“Between 2006 and 2012, Japan saw six different leaders in as many years,” he said. “This matters for investors as a potential lack of political stability could raise risk premiums for Japanese equities.”
Nick Wood, head of fund research at Quilter, agreed the question remains as to whether Japan moves back to a period of unsettled politics and rotating premiership.
“The ruling LDP faces a general election at the end of November, although at this stage it seems unlikely that other parties will be able to mount a sufficient challenge to whoever takes over from Suga,” he explained. “While a new premier might bring the prospect of greater stimulus, it is unlikely that his successor will stray too far from current policies in other regards, and will remain pro-growth.
“As such, despite the potential for some political volatility in the short-term, we should not expect to see the end of Abenomics anytime soon and therefore investors can be confident that Japan will continue with its loose economic and fiscal policy.”
‘Sniff a new hit’
Jim Wood-Smith, CIO private clients & head of research at Hawksmoor Investment Management, said a new Prime Minister in Japan is “always expected to bring more money to the party”.
“Japan, of course, has been throwing yen at its economy since most of us were in short trousers and learning our times tables. But, as we have argued for a very long time now, financial markets are hooked on money and react well every time they sniff a new hit,”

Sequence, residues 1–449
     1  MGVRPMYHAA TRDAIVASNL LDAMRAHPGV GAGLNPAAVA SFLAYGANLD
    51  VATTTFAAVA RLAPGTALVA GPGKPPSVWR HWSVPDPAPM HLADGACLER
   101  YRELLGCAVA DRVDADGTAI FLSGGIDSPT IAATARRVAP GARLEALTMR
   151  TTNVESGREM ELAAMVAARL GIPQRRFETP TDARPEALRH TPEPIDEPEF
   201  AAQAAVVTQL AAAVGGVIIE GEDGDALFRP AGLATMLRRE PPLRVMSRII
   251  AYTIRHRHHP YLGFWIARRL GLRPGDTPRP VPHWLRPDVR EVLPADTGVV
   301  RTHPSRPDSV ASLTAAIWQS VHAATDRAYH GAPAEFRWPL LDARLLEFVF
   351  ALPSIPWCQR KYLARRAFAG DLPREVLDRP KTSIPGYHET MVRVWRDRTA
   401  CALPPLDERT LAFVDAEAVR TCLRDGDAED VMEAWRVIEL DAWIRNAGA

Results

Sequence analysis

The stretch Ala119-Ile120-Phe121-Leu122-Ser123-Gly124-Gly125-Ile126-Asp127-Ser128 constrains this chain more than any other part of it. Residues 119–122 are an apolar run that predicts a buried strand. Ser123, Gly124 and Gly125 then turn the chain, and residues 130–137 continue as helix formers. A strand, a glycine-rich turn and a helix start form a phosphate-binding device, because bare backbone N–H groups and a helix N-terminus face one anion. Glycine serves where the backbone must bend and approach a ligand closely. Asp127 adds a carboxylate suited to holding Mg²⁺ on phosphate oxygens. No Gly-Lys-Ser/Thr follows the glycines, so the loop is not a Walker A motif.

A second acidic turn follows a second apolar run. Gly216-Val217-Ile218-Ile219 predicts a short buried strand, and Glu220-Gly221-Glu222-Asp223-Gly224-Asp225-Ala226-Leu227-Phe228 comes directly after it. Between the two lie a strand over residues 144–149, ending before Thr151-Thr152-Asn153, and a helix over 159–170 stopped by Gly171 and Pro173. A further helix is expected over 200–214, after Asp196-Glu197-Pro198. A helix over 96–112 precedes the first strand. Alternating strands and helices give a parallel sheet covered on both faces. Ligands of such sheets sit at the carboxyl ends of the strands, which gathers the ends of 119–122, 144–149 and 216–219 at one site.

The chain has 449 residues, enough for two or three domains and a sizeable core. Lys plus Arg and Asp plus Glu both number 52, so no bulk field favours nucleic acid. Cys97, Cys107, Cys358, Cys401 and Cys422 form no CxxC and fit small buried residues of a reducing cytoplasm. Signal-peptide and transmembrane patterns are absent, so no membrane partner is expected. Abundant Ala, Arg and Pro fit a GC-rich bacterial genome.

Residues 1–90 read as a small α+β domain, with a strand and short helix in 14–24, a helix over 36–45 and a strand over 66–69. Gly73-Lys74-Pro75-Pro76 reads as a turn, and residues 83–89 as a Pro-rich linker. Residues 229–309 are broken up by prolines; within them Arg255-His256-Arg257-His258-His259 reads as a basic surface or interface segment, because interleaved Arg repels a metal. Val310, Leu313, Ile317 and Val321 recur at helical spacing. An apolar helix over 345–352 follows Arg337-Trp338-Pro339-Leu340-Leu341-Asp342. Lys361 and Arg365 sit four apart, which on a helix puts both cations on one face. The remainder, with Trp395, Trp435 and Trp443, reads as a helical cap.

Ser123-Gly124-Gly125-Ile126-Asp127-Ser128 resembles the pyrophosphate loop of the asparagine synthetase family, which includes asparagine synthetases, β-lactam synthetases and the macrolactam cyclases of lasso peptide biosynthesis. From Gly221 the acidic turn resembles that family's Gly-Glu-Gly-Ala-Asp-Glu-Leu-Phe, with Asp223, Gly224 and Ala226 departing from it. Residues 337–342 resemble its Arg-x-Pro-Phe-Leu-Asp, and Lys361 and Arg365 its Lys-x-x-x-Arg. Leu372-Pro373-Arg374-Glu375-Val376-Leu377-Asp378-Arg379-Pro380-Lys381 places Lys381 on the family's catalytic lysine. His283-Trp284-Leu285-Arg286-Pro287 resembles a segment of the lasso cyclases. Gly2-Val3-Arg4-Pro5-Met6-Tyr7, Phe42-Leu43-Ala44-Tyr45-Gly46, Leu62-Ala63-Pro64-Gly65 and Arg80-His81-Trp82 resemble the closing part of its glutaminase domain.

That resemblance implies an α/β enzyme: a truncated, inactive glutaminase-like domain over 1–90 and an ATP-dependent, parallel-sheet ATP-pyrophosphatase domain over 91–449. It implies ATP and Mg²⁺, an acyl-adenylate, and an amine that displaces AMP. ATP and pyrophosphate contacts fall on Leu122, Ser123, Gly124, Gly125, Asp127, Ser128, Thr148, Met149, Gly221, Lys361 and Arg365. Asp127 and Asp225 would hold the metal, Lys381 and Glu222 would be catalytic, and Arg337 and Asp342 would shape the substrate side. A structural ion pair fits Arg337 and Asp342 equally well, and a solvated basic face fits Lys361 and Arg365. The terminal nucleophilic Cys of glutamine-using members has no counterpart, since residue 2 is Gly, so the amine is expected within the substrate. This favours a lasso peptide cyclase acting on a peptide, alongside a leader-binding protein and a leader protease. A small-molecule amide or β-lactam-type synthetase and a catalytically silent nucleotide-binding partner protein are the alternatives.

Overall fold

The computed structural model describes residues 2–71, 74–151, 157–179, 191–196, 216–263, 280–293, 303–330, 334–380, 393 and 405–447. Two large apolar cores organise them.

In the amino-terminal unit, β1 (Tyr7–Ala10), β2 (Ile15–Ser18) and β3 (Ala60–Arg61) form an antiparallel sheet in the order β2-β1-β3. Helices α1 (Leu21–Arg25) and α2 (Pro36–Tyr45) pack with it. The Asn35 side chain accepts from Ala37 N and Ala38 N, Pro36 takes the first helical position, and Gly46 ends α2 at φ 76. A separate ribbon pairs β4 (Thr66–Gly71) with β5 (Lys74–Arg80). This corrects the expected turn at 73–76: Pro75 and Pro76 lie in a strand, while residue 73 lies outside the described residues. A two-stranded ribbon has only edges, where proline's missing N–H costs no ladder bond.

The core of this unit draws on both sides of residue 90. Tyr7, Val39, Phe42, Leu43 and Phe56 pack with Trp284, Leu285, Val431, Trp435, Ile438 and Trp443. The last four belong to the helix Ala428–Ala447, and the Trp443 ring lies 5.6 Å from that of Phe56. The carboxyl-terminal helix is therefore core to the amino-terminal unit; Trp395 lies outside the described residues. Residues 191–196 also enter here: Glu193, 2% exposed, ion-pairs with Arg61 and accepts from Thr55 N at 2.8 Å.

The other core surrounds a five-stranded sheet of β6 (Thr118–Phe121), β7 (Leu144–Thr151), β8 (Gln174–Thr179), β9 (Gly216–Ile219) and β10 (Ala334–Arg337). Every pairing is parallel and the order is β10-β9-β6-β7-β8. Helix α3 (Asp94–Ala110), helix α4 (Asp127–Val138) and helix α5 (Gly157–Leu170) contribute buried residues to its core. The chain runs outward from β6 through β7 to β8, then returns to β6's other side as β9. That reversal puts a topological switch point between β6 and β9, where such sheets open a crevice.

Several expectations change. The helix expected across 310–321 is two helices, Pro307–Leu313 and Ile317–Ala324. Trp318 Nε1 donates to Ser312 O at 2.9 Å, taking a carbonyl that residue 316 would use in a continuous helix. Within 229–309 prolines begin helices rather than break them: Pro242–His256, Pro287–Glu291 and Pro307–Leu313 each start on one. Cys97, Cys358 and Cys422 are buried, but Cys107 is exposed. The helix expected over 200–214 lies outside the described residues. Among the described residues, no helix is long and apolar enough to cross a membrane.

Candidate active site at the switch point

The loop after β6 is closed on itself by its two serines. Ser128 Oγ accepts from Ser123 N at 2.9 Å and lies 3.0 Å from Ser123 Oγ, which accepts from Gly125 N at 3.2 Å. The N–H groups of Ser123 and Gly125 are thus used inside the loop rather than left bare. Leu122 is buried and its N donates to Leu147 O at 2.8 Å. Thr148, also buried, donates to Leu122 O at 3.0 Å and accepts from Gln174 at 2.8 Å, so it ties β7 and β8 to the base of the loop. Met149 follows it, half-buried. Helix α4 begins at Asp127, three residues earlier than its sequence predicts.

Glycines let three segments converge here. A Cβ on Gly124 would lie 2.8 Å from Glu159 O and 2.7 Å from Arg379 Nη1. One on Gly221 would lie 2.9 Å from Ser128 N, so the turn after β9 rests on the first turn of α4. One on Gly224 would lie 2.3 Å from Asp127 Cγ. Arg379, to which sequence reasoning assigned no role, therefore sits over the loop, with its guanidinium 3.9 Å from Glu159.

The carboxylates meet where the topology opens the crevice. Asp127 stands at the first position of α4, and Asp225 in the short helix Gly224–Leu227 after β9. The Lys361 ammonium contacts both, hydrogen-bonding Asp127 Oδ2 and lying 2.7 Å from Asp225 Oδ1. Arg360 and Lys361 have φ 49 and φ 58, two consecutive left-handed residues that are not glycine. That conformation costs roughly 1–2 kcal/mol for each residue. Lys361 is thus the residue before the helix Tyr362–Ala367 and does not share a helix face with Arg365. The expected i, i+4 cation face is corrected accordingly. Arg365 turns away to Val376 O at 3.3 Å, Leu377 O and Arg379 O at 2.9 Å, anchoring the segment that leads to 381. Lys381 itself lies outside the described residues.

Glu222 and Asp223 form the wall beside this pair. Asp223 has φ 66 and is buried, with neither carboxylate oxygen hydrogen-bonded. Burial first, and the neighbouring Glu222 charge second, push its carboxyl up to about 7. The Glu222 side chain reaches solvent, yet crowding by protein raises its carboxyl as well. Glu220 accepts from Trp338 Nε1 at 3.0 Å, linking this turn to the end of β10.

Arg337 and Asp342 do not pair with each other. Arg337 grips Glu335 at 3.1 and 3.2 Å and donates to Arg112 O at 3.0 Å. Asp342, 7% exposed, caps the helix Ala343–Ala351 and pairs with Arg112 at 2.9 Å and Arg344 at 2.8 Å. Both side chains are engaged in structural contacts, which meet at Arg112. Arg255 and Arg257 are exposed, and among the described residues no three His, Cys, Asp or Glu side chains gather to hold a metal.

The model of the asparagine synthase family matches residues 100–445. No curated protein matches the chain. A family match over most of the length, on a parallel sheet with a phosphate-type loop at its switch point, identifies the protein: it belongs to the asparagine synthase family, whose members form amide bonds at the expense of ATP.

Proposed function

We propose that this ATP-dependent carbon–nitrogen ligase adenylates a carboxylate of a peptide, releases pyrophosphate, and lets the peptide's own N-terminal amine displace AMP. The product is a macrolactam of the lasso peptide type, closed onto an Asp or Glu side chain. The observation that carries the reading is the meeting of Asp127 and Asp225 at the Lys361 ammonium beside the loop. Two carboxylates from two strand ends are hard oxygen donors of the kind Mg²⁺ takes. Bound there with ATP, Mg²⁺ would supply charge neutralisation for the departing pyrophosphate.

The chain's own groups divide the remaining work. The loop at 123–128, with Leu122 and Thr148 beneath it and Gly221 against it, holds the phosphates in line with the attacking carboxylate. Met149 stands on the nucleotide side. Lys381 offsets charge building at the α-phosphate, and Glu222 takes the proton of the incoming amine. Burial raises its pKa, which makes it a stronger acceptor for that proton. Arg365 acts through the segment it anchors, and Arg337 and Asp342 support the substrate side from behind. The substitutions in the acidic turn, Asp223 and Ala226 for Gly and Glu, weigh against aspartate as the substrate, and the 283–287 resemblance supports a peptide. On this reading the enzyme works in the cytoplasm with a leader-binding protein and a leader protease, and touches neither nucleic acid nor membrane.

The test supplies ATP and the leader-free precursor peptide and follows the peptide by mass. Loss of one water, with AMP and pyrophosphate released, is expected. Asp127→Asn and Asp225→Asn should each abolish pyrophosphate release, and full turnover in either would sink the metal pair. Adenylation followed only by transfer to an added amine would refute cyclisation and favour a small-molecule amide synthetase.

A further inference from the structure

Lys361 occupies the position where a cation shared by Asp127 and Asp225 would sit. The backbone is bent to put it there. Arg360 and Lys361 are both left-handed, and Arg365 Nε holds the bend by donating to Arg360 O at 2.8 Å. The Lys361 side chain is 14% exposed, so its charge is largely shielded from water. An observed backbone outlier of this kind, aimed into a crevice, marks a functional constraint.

“It would be an over-egging of the pudding of historic proportions to suggest that Japan stands on the cusp of a new era of stimulus and growth. Japan is Japan… the economy will grow slowly, inflation will be next to zero and the fates of its largest companies will be largely driven by the yen.”
That being said, he added it will “also be a hotbed for electronic innovation”, and that it is a stock market with “improving corporate governance, balance sheets and dividend
“Markets are sniffing money. Lots and lots of money,” he explained, although he also believes Suga’s tenure is “likely to change very little”.
Carter added that Suga “may have been a political dud as PM, but he was not a policy disaster”.
“Indeed, many of his ideas such as the establishment of a digital agency and the mandate for genuine structural reform were well founded, even if they failed to gain traction amid pandemic and Olympic travails,” he reasoned.
Archibald Ciganer, portfolio manager of the T. Rowe Price Japanese Equity fund, said the most important factor is that the LDP remains in a strong position to remain the ruling party over Japan after the next election.
“Japan is cheap and as it catches up with vaccinations, which it is, we believe the market will re-rate,” he said.
“From a portfolio perspective, we are very excited by the digital opportunity in Japan. Japan leads globally in manufacturing excellence, but woefully lags in digital technology – the Japanese Government has realised this and wants to catch up.
“We have identified and invested in a number of companies benefiting from this significant opportunity.”